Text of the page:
15 July 2011

Of Options

One of the selling points for taking advantage of the world of midwifery is the ability to birth the way one wants.  Truthfully, this tagline has done little to pique my interest as I never particularly felt there was a way I "wanted" to birth, other than painlessly and successfully with no complications on either end.  It wasn't until I noticed a comment regarding hypnobirthing on yesterday's post that I remembered . . . there IS a way I've always wanted to do this process.

Ever since watching a John Stossel segment on 20/20 a decade or two ago depicting women wandering the halls of the their maternity ward calmly breathing as the body prepares to push out a human being, I have been fascinated with the concept of mentally "escaping" the pain of childbirth by little more than the use of visualization and the concept of mind over matter. 

Granted, it all sounds a bit hippie-ish, but as previously established, apparently that's where I live these days.  The only thought in recent years that has put me off of the idea of hypnobirthing is the concept of looking inwardly for the power to overcome the pain, whereas I feel it is healthier for my spiritual well-being to look to Christ as my source of strength.  Now, if I can find a way to combine the two, life would be great.

Enter the midwives.  Our midwives are the only "supporting physicians" of the practice of hypnobirthing in the state of Oklahoma - a fact I discovered only this morning after a little research.  On top of which, they appear to be wonderful, God-following women.  So if these guides in the childbirth world can aid me in bringing my child into the world while also helping me to focus my mind in a manner that will allow me to rise above the pain, I'll be a happy birther.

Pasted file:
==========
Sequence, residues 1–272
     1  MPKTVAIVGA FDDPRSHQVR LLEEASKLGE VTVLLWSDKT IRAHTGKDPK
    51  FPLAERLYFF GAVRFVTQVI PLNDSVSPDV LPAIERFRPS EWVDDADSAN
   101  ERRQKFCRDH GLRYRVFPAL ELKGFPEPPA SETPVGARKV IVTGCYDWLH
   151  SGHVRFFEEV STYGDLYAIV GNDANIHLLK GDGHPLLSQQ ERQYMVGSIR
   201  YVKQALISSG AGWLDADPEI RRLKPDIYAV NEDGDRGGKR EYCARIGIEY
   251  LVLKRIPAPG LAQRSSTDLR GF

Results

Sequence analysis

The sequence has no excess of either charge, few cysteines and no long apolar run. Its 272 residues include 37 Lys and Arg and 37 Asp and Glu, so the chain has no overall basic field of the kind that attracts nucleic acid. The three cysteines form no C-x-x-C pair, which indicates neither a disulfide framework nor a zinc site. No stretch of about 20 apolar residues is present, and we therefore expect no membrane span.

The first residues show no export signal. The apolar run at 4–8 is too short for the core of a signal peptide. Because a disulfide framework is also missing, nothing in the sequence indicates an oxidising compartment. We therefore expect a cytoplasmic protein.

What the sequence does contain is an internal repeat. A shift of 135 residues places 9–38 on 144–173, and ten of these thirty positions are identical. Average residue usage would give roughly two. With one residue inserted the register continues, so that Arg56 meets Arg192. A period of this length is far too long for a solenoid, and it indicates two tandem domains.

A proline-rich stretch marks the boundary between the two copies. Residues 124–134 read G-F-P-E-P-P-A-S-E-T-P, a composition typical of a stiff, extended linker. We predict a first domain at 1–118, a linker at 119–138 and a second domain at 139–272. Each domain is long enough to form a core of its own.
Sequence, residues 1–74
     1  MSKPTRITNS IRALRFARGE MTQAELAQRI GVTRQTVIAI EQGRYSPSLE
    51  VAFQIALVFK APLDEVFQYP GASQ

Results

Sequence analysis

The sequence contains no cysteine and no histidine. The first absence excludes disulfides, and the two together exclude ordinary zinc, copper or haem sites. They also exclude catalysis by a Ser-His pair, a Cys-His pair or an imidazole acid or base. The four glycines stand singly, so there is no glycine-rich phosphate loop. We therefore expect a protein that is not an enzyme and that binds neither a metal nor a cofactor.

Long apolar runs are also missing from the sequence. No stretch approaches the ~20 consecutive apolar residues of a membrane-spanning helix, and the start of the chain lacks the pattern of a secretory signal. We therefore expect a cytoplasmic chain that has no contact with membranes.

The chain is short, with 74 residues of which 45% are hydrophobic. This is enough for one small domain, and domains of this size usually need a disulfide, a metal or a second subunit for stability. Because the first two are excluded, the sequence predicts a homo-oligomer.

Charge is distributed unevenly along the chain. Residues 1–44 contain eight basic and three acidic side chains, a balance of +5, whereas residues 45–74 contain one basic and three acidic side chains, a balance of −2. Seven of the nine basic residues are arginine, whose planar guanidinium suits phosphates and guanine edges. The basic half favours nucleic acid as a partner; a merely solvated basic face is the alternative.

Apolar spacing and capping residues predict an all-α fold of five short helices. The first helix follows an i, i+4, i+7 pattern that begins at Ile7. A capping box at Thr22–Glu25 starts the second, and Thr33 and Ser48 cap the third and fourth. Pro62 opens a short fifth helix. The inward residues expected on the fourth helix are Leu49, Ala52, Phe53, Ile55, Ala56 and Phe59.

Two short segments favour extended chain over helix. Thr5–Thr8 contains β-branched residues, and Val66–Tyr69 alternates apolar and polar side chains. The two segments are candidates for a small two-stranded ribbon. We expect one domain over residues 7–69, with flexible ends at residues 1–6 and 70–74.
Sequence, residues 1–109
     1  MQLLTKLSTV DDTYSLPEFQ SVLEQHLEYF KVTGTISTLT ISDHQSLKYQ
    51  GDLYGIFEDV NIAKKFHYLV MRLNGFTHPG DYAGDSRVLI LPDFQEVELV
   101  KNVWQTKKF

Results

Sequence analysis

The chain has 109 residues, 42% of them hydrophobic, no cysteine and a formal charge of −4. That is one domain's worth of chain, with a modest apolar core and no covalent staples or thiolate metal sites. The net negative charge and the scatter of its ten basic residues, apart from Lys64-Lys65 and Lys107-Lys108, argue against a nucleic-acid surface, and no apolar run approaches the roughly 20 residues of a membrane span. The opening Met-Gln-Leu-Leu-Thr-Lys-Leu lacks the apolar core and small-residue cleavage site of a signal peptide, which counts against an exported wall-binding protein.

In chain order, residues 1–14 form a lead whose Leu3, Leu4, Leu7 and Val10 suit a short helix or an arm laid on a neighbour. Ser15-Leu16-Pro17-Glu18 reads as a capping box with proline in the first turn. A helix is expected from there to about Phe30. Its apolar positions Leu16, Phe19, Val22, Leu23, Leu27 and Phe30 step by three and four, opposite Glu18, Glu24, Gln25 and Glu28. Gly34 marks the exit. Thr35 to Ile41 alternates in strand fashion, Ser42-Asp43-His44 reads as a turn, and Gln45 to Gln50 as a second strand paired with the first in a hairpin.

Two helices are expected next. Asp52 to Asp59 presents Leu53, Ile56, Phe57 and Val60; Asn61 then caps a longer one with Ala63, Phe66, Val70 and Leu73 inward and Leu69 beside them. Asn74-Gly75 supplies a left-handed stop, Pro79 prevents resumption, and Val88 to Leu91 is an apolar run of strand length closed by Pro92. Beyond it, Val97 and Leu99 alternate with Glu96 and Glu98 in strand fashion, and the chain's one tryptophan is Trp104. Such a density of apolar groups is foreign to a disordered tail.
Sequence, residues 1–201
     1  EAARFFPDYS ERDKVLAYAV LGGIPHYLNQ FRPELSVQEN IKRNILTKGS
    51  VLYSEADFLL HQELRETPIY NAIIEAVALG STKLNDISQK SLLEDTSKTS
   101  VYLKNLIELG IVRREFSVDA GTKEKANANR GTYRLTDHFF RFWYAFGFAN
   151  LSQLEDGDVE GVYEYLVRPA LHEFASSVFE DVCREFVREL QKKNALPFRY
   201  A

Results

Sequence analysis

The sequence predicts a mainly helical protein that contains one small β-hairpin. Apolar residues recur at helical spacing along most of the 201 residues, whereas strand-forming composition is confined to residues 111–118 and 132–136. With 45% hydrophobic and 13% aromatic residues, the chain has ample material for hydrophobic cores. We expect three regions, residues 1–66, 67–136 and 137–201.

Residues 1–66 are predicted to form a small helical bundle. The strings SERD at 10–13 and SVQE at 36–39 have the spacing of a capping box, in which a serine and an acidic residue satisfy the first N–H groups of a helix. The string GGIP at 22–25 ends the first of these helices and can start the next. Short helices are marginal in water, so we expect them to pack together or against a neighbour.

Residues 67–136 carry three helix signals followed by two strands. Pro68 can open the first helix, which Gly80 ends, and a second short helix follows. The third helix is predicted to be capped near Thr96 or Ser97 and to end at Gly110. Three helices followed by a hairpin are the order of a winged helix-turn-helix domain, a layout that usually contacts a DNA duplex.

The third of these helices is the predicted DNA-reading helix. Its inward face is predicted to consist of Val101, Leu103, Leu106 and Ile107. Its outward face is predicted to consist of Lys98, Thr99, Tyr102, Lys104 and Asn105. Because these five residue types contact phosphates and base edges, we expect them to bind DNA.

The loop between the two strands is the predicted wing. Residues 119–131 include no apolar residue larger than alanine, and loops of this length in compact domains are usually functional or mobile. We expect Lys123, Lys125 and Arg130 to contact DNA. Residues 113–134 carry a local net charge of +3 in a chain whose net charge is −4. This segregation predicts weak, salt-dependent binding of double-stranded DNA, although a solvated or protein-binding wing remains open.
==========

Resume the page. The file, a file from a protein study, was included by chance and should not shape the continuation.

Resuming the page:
And on an entirely un-related note, I have always been interested in public cord blood banking - donating my child's cord blood in the hopes that another child, in dire health, can make use of what would otherwise be thrown out.  I had never known how to go about doing so and it never even occurred to me to ask my OB.  I suppose when I enter the doctor's office, I expect to be told what to do and how and don't question it (stupid, I realize, but it's how the process has always felt).

With home-birthing and the use of midwives, however, the concept is always that the mother is in control of her own birth experience.  And according to some of the paperwork, cord blood banking is an option. 

In fact, there are a ton of options in the world of childbirth.  And I just never knew it.

Honestly, I'm getting a little giddy (and maybe power hungry) at the idea that I really can make my "dream birth" a reality.  Of course, my dream birth never happened on my living room floor and, at the same time, I know we can never completely control how this new little person will come into the world - but that doesn't mean I have to completely surrender my will to that of a hospital or the nurses on duty.

And that knowledge is a little freeing.


  1. I really hope a wonderful, powerful birth for you!  Using a doula for our daughter's birth made all the difference for us.  Love to chat about this sometime.

  2. Vadim and Joanna GolinJuly 17, 2011 at 9:14 AM

    Girl, you are on #3. You can so totally do a drug-free home birth! If I gave birth in Russia with no family/support and almost made it to the end with no drugs, then you can most definitely do it surrounded by loved ones and in a supportive environment. Women have been doing it for centuries. Wishing you all the best!

  3. Lol - that's what I figure - I've done this twice before, I could give birth to this baby in my sleep ;). I also figure it will prepare me just in case I ever have to give birth in another country - I can stay home and not have to go to a scary foreign hospital ;)